A study of more than 2,000 streams and rivers around North America has uncovered that those altered by human activity are at greater risk of flooding.
They discovered that human-managed streams, which are those that are impacted by man-made developments such as dams, canals, or heavy urbanisation, have had significantly different flow patterns compared to streams in natural watersheds.
Severe flooding risk increase
A greater flow increase in managed watersheds indicates more severe flooding could occur— possibly as a result of the increased paved surfaces in urban regions. Flow dampening, on the other hand, can lead to water shortages and a loss in biodiversity in managed streams.
The study utilised natural watersheds untouched by human activity to measure the impact of climate change on streamflow. Using them as a baseline, the researchers then compared flow in managed streams within a radius of 115 kilometres to measure the impact of human developments.
“Compared to their natural neighbours, about 48% of the human-altered streams had significant increases in seasonal flow trends, while 44% showed a significant decrease in the seasonal flow tends,” explained Nitin Singh, a postdoctoral fellow in Waterloo’s Department of Earth and Environmental Sciences, and lead author of this study.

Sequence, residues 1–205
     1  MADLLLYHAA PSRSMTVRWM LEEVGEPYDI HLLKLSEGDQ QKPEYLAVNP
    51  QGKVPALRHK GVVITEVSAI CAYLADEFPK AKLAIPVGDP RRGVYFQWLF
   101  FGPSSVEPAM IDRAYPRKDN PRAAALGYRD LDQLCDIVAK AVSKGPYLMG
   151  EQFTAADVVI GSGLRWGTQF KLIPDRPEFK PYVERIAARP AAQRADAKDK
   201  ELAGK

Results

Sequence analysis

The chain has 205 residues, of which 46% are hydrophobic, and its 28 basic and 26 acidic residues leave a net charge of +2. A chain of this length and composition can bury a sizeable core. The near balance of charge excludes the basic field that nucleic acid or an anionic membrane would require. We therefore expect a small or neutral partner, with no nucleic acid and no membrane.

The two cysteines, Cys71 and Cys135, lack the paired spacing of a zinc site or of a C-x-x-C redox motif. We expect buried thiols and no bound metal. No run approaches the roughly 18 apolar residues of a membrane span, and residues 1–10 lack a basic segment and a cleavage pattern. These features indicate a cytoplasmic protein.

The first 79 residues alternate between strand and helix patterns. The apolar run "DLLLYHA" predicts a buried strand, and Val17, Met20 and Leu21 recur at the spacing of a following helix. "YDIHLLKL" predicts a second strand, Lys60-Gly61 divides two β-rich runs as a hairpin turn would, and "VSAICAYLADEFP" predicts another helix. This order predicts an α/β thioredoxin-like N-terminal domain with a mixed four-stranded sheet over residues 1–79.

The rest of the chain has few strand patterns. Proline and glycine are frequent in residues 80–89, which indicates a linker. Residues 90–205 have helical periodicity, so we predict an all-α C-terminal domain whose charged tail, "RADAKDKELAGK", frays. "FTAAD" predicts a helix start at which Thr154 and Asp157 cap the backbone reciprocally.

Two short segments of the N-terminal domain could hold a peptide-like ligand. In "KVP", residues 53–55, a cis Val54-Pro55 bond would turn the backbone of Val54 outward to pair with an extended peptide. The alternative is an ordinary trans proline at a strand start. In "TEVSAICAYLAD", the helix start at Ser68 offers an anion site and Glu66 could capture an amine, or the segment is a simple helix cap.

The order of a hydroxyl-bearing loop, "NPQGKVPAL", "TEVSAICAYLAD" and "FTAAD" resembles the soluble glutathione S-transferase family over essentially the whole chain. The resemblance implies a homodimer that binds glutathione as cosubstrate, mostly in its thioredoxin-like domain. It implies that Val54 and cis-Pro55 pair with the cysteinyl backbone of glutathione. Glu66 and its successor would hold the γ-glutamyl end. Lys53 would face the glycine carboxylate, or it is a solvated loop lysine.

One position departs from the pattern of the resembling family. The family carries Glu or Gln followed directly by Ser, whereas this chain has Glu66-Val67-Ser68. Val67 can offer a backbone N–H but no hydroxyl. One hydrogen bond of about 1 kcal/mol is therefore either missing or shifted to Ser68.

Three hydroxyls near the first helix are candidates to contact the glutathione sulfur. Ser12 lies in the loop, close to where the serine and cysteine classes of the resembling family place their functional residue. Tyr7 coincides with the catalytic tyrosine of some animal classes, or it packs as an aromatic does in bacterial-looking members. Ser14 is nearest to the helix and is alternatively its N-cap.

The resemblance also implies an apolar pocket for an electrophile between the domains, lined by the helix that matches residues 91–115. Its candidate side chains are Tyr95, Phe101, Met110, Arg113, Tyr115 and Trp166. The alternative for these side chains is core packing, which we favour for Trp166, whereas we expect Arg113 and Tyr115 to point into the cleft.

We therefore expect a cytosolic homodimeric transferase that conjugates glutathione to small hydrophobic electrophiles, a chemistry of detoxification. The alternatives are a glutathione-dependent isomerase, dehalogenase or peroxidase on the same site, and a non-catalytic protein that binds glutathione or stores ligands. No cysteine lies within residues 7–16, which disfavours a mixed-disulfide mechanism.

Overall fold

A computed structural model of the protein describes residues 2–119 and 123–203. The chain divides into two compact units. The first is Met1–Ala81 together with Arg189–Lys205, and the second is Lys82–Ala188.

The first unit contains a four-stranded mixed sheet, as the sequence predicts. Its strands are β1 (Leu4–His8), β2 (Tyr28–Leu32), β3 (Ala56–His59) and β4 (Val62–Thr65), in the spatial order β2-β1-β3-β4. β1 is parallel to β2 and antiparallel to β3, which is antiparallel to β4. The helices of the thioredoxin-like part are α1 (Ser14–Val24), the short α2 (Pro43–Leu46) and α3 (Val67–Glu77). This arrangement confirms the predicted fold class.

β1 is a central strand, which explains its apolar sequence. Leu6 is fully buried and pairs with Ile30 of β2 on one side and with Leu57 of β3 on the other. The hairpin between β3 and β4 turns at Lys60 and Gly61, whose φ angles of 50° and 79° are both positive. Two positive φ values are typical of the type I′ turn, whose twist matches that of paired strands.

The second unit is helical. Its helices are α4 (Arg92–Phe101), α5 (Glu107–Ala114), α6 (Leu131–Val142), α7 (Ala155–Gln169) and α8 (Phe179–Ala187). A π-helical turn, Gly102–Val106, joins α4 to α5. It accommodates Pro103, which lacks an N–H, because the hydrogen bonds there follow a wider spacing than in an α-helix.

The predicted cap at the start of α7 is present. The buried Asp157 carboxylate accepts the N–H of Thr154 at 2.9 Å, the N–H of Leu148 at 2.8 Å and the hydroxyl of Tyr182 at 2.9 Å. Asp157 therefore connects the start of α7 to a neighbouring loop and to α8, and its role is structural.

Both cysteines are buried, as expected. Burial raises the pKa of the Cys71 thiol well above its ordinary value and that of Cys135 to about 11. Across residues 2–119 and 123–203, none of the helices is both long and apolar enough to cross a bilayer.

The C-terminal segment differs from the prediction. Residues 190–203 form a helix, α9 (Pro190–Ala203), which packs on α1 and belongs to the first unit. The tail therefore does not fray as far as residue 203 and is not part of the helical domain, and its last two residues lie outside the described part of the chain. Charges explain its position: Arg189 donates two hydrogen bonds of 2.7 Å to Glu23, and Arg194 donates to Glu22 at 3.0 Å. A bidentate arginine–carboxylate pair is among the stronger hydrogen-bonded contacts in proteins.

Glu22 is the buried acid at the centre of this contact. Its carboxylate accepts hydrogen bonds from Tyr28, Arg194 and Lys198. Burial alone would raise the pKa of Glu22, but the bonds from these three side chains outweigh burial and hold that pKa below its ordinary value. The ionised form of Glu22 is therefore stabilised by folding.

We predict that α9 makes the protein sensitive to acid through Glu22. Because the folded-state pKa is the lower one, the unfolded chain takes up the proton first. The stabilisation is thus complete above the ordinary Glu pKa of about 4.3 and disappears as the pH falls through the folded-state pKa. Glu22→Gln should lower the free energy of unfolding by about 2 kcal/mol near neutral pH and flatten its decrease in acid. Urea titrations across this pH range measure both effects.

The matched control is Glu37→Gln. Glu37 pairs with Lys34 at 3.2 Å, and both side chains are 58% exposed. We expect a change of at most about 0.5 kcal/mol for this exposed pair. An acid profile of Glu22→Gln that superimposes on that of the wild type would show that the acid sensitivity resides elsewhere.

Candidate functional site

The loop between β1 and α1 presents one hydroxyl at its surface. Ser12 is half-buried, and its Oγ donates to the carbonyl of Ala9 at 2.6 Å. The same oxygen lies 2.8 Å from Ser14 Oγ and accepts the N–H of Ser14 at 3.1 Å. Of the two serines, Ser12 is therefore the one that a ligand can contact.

“We used machine learning to show conclusively that these changes are caused by human activity.”
Seasonal effects on stream flows
While previous studies have analysed stream flows at the annual scale, this study considers seasonal effects such as spring flooding and summer droughts, which are critical for water management.
“It is important to recognise that human modifications of the landscape often amplify the effects of climate change on streamflow,” concluded Nandita Basu, Professor of Earth and Environmental Sciences and Civil and Environmental Engineering.
“We need to take responsibility to manage our landscape sustainably, because it’s not just climate that is changing it.”
The study ‘The human factor in seasonal streamflow’s across natural and managed watersheds of North America,’ was recently published in the journal Nature Sustainability.